Nearly a third of children aged ten or under now have their own mobile phone, according to survey of parents.
One in ten said their child was using an internet capable smartphone, such as the iPhone or Android devices.
The research by cloud security firm Westcoastcloud questioned 2,000 families about their technology ownership.
It comes as the government considers mandatory content filters for net connections used by children.
In those households surveyed, 16% of children owned their own laptop, while 18% had a flat-screen TV in their bedroom. A quarter of those aged ten or under had an email address while 8% had a social networking account.
Most parents agreed that 10 was a suitable age for children to have their own phone with the majority (69%) saying they bought one to keep in touch with their offspring when they are out.
A quarter of children owned a Nintendo Wii, and around 16% had a digital music player.
Parents appeared to have mixed attitudes to how much they monitored what their children did online. More (21%) said they didn't follow their child on a social network than those that did (13%).
By contrast, only 12% said they left children to 'play' unmonitored when using a laptop or computer.
There was also an even spilt when it came to using parental controls with just under half (49%) saying they blocked access to certain sites while the remainder admitted they had no controls.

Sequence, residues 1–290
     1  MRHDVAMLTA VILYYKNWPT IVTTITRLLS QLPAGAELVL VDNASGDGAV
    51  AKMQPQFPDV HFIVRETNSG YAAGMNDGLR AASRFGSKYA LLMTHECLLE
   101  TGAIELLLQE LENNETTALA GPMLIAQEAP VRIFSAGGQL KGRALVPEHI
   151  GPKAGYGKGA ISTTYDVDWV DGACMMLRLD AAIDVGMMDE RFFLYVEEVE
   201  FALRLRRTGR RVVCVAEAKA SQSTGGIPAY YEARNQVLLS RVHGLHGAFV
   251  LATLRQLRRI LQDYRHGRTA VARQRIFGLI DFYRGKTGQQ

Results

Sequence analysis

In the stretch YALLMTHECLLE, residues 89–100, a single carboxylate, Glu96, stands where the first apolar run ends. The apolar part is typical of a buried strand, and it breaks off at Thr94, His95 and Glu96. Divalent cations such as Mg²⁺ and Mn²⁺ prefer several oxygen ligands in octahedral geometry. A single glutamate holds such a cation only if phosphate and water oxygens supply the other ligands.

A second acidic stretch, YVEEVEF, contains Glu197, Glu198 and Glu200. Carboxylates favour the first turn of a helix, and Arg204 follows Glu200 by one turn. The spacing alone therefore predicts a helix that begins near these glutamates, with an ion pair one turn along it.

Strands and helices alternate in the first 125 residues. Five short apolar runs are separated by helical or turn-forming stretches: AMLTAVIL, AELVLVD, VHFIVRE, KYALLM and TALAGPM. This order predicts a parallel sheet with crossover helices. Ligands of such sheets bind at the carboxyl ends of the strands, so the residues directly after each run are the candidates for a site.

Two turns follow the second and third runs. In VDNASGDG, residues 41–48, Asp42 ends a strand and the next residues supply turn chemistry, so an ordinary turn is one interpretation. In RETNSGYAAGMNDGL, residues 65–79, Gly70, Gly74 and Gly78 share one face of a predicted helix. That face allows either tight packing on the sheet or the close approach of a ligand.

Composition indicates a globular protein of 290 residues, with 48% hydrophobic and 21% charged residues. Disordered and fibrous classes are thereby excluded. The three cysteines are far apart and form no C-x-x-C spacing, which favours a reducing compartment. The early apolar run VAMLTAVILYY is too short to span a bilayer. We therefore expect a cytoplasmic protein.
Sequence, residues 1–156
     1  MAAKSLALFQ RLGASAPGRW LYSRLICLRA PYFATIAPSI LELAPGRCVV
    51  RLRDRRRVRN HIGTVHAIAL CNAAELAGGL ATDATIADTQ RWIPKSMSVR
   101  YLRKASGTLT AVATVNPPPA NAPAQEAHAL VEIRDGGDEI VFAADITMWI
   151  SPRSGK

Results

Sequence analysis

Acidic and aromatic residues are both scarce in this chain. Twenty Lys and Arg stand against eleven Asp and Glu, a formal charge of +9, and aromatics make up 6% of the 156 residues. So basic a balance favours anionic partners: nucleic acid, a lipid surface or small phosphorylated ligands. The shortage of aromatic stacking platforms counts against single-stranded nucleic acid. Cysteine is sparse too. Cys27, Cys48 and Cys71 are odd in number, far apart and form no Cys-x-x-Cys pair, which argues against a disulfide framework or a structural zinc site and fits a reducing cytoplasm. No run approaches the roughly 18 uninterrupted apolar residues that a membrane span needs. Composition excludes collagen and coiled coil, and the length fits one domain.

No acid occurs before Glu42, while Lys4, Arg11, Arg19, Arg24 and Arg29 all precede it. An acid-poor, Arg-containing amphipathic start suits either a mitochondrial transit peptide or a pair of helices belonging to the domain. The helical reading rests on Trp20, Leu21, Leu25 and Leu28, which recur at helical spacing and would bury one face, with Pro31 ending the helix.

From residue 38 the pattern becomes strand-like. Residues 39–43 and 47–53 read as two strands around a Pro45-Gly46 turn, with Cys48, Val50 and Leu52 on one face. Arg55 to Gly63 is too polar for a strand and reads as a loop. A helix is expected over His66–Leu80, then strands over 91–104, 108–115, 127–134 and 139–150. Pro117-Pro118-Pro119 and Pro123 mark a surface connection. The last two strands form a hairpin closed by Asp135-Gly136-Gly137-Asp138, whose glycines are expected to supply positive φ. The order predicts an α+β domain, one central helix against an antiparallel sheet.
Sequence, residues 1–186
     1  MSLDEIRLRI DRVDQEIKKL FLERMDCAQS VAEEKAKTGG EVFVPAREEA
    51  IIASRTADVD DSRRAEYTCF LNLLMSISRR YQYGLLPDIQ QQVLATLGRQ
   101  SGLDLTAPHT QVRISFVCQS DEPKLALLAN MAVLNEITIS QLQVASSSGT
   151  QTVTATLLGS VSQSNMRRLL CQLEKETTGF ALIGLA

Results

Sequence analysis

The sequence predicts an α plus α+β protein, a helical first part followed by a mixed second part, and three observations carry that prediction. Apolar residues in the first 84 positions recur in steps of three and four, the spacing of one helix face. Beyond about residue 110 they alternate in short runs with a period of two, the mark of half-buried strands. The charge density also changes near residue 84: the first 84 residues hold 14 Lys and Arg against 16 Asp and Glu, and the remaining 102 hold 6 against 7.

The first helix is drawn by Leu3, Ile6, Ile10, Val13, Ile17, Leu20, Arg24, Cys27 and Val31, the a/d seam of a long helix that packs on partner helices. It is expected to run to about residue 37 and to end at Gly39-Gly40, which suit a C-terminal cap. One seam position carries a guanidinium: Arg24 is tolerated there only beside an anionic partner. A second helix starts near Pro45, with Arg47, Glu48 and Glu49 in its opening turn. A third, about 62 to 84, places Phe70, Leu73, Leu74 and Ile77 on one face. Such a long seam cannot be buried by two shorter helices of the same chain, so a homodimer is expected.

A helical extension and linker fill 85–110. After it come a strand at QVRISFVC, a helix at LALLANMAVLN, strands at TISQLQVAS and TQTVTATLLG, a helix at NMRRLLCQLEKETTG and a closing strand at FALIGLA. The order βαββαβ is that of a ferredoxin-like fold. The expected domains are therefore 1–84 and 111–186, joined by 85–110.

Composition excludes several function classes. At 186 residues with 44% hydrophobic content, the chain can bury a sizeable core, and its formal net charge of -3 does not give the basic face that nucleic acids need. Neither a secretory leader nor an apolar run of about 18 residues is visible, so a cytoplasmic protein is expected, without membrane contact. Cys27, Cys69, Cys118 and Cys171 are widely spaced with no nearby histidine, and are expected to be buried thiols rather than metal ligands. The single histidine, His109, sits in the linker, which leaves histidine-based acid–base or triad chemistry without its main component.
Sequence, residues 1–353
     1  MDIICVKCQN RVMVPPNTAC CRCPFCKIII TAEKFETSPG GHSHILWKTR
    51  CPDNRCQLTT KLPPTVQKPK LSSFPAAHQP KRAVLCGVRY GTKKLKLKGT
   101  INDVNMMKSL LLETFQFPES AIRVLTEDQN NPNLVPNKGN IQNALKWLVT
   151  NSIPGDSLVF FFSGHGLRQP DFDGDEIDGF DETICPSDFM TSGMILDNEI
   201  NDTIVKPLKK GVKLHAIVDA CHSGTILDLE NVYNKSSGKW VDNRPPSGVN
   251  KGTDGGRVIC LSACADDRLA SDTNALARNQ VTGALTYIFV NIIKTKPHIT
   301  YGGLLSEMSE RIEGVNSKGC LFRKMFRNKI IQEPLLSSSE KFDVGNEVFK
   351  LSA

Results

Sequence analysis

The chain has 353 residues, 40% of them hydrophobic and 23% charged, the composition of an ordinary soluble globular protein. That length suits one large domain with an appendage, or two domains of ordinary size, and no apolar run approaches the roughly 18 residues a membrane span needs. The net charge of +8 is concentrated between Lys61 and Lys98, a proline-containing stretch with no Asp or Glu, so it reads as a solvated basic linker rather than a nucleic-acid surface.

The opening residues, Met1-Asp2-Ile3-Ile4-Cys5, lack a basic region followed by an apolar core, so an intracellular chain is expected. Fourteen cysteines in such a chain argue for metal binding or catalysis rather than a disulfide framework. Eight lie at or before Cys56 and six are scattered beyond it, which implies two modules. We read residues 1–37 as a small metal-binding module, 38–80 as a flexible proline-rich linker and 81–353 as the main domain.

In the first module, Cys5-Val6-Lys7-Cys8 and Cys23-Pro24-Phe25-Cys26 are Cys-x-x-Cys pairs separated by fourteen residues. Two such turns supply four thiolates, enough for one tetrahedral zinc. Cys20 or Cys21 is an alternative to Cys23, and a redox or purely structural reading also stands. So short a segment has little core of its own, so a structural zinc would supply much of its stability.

For Will Gardner of children's charity Childnet, the findings reiterate the need for parents to understand how their children are using technology.
"It is important to help ensure parents are aware of the full functionality of the technology that young children are accessing and that they are able to use the tools and give the support that young people need to stay safe and get the most out of these devices," he said.
The Child Exploitation and Online Protection Centre (CEOP) has set up a website - thinkuknow - in order to offer advice and guidance on how youngsters use technology.
"We know that technology, especially mobile phones, are now part of parcel of childrens' everyday lives. They allow the internet to be at the fingertips of young people, which means it is now increasingly difficult for parents to manage their child's use of it," said a CEOP spokesperson.
The government is currently considering the recommendations of the Bailey Review which calls for internet service providers to automatically offer parents software that will filter out harmful content.
The measures could be included in the revised Communications Act, due by 2015.